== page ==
HC Deb 15 November 1972 vol 846 cc393-7
5. Mr. Skinner

asked the Secretary of State for the Environment what estimate he has made of the number of discretionary improvement grants allocated to development and property companies and those received by owner-occupiers.

The Secretary of State for the Environment (Mr. Geoffrey Rippon)

During the first six months of this year about 57,000 grants were approved in England and Wales for owner-occupiers and about 30,000 for others, including landlords. Information is not collected about the numbers approved for development and property companies and no estimate can be made.

Mr. Skinner

Is the Minister aware that this is turning into the biggest racket of the 1970s? There is a new phrase for it in the property world. It is called "prop and cop". Does he realise that tenants are being turned out by the thousand and that profits are being made by the million, freeze or no freeze? When will he do something about this matter?

Mr. Rippon

It is important to remember that tenants cannot be deprived of their legal rights. During the debate on the Queen's Speech my predecessor emphasised that he was to send out a circular to local authorities—I will do the same—stressing the importance of ensuring that tenants understand their rights.

On the general position, the increase in the number of improvement grants and the improvement of homes is a success story. At the same time, I am well aware of the anxieties which have been expressed in many quarters about particular cases. These are for the discretion of local authorities, which must be allowed to exercise their judgment as to what is required in their own areas. However, I will certainly keep a close eye on this matter.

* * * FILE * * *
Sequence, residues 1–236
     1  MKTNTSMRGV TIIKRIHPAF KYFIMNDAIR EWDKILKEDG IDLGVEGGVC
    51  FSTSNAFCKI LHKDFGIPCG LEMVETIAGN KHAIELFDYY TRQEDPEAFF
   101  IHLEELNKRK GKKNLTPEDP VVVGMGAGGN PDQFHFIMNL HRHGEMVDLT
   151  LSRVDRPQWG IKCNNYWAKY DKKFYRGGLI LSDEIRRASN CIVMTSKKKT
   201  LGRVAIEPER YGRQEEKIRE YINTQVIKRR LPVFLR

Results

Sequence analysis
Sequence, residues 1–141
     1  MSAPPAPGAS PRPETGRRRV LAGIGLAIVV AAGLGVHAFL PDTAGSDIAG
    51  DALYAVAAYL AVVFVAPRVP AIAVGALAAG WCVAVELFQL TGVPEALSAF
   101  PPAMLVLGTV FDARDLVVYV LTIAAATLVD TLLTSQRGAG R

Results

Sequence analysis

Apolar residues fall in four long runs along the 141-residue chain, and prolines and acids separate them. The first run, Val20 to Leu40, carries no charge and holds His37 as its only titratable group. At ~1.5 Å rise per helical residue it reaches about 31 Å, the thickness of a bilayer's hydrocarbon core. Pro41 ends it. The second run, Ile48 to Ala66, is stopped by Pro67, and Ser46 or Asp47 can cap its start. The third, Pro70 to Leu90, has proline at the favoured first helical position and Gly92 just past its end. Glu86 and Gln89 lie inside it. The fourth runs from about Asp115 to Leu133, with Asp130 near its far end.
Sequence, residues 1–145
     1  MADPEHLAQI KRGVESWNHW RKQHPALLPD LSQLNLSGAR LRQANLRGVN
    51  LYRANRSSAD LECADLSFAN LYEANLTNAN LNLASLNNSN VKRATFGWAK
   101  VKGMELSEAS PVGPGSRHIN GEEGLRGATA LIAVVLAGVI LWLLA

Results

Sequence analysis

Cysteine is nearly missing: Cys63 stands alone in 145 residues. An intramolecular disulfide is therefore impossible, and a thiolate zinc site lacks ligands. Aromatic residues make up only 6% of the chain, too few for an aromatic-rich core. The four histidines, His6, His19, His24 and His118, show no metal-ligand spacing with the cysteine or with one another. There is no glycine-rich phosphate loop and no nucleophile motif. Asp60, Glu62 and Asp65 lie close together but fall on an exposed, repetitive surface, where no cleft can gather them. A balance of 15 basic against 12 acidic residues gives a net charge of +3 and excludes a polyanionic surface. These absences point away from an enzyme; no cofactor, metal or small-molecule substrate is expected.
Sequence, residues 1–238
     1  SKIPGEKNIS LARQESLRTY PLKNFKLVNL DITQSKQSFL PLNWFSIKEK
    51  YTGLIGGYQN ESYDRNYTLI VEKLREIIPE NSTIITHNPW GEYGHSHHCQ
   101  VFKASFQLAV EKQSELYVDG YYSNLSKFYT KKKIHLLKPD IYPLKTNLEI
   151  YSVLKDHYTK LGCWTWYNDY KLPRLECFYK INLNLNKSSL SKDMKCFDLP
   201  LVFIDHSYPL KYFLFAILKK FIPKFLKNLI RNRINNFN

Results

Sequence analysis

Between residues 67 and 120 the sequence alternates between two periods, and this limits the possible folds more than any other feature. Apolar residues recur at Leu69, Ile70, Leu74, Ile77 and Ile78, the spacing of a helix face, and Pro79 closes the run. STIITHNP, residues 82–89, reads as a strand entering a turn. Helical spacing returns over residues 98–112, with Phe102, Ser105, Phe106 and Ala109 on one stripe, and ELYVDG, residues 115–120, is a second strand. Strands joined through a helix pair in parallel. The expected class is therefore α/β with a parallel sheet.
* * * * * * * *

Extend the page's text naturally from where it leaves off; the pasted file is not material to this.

Mr. Sydney Chapman

I congratulate my right hon. and learned Friend on his new appointment. Will he confirm that the whole purpose of improvement grants is to see that as far as possible and practicable buildings are renovated and not demolished, and that in any case local authorities can use their discretion to turn down applications for improvement grants if they feel that the system is being abused in their areas and there is therefore no need for national regulations?

Mr. Rippon

I believe that if local authorities think there is abuse they should act accordingly. For the rest, it is right that they should continue to have a discretion. I think we are all agreed that improvement grants make a great contribution towards providing homes for people at fair rents in the best possible way.

Mr. Crosland

Is the right hon. and learned Gentleman aware that many of us on this side of the House have continually expressed the view that the abuse of this grant, in inner London in particular, has got to the point where some governmental action is needed? May I take the opportunity of welcoming the right hon. and learned Gentleman to his new job, and express the hope and—I should like to think—conviction, that as compared with his predecessor we shall have fewer Press releases and rather more action?

Mr. Rippon

I thank the right hon. Gentleman for his kind words about myself but he is being less than fair to my predecessor. I am aware of the anxiety that has been expressed on this matter, and I assure the right hon. Gentleman that I am studying the position very carefully.

Mr. Simeons

Will my right hon. and learned Friend consider whether the machinery is adequate to ensure that grants given to owners of private dwellinghouses reach the builders?

Mr. Rippon

If I had any evidence to the contrary I should pursue the matter most energetically.

Mr. Ron Lewis